$15, includes lunch.
Register online HERE, or email firstname.lastname@example.org or call 505-242-1445.
In conjunction with Mira Burack’s exhibition Sleeping between the Sun and the Moon at 516 ARTS (on view through August 31), where artworks share the coexistence of family and art, we invite you to come, have lunch, and share stories of how your art practice and motherhood impact each other with Burack and Marisa Sage, Director and Head Curator of the New Mexico Sate University Art Museum. In addition to celebrating this powerful collaboration, we hope to continue to demystify any voices that say that the two can not thrive simultaneously. Like any other profession, women delicately balance raising their children while maintaining a serious art practice in a lot of creative ways. Over a meal, we’ll share our magic and discuss critical writing around the topic. If you have any writings on art and motherhood that have influenced your practice, please feel free to bring the titles or texts with you. Together, we’ll discuss creative practice and mother practice, feminism, post-feminism, and methods of sustaining your work while caring for yourself and those you love.
ABOUT MARISA SAGE:
Marisa Sage is the Director and Head Curator at the University Art Museum at NMSU. She is currently curating an exhibition titled Labor: Motherhood and Art in 2020 (February 28 – May 28, 2020) which will be the first exhibition in the newly constructed University Art Museum. The exhibition and accompanying planned programming will take a purposeful look at motherhood in its various forms, from universal truth and ubiquitous creative act to a solitary and individual experience that changed everything in a woman’s creative life. Co-curated by Sage and Laurel Nakadate (NY based photographer), Labor addresses and challenges the documented human experiences of motherhood and the ways the mother and childrearing have been perceived and portrayed in art, both historically and in current popular culture.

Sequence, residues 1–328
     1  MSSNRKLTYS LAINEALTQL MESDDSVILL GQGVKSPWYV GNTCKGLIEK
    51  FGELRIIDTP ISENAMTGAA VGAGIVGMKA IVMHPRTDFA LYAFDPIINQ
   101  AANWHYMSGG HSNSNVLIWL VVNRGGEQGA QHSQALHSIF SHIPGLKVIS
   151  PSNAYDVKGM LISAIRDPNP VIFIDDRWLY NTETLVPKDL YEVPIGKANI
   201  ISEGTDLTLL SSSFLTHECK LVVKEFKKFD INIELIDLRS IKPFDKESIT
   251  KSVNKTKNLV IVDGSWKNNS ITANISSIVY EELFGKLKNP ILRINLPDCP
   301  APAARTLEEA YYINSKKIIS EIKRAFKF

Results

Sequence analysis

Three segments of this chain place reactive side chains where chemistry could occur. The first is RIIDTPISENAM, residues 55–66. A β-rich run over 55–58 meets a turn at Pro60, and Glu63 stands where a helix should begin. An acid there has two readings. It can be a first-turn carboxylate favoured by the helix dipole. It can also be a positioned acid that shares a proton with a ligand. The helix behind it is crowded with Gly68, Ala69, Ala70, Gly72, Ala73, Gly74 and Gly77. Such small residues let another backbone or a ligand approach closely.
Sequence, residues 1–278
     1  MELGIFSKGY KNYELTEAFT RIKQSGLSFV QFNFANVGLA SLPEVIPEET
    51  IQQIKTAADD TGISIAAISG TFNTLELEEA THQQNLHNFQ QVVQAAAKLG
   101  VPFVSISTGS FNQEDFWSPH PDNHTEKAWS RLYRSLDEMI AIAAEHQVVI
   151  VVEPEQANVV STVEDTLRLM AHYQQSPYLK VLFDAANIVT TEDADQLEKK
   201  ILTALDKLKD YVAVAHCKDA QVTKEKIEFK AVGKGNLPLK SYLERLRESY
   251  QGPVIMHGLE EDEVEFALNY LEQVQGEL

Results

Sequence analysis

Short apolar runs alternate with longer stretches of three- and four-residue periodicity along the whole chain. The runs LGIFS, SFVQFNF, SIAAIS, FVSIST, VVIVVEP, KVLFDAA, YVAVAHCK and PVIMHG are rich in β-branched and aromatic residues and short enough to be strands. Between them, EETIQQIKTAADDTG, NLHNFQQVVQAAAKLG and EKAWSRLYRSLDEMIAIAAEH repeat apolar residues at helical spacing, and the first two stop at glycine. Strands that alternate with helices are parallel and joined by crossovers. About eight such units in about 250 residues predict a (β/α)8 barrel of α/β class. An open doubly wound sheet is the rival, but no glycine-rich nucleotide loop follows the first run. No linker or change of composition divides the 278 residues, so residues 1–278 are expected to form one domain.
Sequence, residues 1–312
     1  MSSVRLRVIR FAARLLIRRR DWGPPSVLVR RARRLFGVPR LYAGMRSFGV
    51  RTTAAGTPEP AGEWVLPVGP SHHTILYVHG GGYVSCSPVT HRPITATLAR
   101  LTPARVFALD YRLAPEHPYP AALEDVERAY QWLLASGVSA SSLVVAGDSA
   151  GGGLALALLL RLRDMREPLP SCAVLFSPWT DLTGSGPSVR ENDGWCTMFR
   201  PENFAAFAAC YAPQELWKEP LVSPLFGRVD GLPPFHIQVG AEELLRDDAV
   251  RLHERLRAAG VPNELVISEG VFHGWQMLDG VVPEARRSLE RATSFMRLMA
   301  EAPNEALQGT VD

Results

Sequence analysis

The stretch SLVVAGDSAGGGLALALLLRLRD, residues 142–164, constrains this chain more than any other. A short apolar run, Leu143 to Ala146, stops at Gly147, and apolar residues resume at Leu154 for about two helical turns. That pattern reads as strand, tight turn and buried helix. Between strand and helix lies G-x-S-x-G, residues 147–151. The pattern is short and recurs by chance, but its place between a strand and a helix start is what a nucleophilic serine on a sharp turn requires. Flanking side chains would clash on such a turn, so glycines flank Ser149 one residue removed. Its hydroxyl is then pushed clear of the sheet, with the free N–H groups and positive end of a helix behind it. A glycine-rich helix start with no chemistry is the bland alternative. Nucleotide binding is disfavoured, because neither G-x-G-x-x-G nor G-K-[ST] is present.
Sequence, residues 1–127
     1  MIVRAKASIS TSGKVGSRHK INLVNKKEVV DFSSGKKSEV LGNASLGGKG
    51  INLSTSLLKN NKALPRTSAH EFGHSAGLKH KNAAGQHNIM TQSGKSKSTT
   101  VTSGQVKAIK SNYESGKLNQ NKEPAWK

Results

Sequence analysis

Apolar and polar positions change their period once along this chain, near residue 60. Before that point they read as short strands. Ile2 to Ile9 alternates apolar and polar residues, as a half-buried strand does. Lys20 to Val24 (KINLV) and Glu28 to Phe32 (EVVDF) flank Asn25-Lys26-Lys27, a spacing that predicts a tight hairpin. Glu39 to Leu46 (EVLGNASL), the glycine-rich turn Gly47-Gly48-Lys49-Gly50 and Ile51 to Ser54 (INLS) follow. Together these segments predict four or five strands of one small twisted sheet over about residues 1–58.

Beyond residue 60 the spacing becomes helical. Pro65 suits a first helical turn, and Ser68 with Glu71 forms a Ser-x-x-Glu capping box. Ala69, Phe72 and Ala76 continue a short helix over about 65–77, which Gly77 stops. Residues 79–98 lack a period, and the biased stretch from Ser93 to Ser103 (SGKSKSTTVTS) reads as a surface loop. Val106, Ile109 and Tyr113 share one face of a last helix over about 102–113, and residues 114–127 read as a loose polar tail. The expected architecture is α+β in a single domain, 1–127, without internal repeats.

ABOUT MIRA BURACK:
Burack refers to her artist/mother practice as an ‘integrative’ studio practice. Her creative practice ebbs and flows with her family life, the seasons, and is physically roving through different rooms in her home, the studio she shares with her partner, and on her land at any given time. She believes it really does take a community to live well and completely. Her practice and the raising of her children are supported by the family compound that surrounds her. Since she became a mother, her art has been flourishing at a beautifully slow, manageable pace. As it happened, when it came time to create a family, it was also time to actualize some significant artistic projects.